We often have time and place specific memories.
On a certain date we knew exactly where we were. Some memories are indelibly printed simply due to the maturity and possibly the effect the event had on us. For example, I remember my wedding day nearly 41 years ago. I can take you to the place where I got my haircut on Broadway. The house we were married in. The minister. Just about every detail that I was involved in.
Yet, I cannot tell what your memory of that date was! July 3, 1974… Quick. What do you remember about that date?
I remember the morning I heard of the 9/11 disaster. A phone call before leaving for work changed my day, and the perspective of New York. I had been inside the World Trade Center when traveling to NY for business. I had watched the thousands coming out of the subway tunnel escalators. I had eaten breakfast at the “Windows of the World” in the North Tower on the 107th floor. Then taken a stroll on the top of the tower that early morning before work.
Sure wish I could find my film from that trip!
But, and I find this reason strange, I have no specific memory of this morning 35 years ago when Mt St Helen’s blew with staggering force and devastation. I think my dad was flying to and from Alaska that day, or the day after.
What I do remember was six months later as we moved to Anchorage, and the warning to take many windshield wiper fluid containers as possible as we passed through Oregon and into Washington. I bought three, if my memory serves me correctly. It was not enough.
The cleanup was still going strong six months later. Rain was falling. Big trucks were running. Ash and debris made me wash my windshield every few minutes.
That’s my memory. Not that 57 people died. Or that communities, valleys, businesses, homes, wildlife and domesticated animals suffered. Or even the wild number of board feet destroyed by the force of the blow that laid down entire forests, or strangled rivers and lakes.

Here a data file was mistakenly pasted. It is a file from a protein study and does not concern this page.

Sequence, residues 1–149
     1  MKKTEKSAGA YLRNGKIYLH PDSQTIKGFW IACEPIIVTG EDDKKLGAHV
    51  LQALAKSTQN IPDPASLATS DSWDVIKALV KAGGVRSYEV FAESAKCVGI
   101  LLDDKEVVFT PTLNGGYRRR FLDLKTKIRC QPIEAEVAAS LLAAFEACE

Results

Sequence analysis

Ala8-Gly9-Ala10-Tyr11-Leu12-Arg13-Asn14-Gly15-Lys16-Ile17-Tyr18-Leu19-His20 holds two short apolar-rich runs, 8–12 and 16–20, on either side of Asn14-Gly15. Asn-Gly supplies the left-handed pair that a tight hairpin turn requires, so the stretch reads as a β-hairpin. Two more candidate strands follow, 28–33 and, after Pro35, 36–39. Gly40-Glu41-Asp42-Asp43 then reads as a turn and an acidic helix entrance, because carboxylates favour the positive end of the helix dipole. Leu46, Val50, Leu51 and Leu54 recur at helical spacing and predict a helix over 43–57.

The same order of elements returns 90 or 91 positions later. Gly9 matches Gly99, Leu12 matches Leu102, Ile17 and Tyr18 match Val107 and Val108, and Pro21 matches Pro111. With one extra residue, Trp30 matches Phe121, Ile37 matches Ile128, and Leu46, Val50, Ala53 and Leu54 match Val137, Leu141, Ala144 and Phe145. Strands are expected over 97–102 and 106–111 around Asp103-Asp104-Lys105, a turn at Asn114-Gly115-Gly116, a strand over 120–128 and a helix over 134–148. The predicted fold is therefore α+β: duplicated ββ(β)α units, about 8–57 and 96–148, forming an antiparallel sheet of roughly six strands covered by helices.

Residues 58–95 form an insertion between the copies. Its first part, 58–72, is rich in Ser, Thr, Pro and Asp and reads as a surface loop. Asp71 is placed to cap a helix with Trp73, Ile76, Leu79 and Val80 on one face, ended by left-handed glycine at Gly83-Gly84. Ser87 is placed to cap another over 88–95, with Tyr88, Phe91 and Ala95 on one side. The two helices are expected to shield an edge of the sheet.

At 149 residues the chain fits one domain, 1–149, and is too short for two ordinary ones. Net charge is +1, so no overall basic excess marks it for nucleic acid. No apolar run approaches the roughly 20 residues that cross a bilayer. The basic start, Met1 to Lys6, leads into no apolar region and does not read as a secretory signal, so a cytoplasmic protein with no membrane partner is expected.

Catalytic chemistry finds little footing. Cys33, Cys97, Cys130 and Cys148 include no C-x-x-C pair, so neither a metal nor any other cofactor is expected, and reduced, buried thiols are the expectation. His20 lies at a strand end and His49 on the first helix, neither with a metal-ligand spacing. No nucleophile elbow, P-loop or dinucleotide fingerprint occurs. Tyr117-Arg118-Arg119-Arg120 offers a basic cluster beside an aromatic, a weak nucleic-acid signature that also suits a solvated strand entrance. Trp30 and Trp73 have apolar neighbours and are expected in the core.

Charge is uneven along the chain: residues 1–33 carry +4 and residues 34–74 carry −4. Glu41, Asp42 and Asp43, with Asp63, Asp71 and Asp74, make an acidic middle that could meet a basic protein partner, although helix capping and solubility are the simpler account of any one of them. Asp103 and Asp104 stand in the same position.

Since living in Washington for nearly 12 years, we have made numerous trips up and down I-5, the only north/south interstate that takes you from Canada, all the way nearly to Mexico. We have seen the mountain. In it’s present state. We have driven on the south side and enjoyed the returning vegetation and wildlife. We have been to the visitors center on the north side and studied the mountain as seen from the open wall.
Regardless of the view, it can simply take your breath away to experience the force of the eruption these 35 years later.
I get why we celebrate certain events. Pearl, D-Day (and all the other coded battles), assassination of leaders, you know, all the momentous and tragic days. We celebrate Memorial, Labor, Independence and all the other important birth and death dates. It cannot be for the enjoyment of a day off. Right? I think that if we can understand the event, then perhaps it will never happen again, or, to say the least, we will have a better handle on how to respond at the next event.
Now, your homework. Think back to momentous days of your own. What do you remember? What would you like others to know about that date that rings in your mind right now….
I was asking mom about some timing of life’s events just last night. When we moved from here to there, what were the dates? Why can I remember some things, and not others? Who was involved in our life at this time? What church did we go to? Who was our pastor?
The older I get, the more these dates seem to be important. No, they are nothing like 05/18/80! But they do hold some value! You better start recording your journal of life before life can not give you any answers!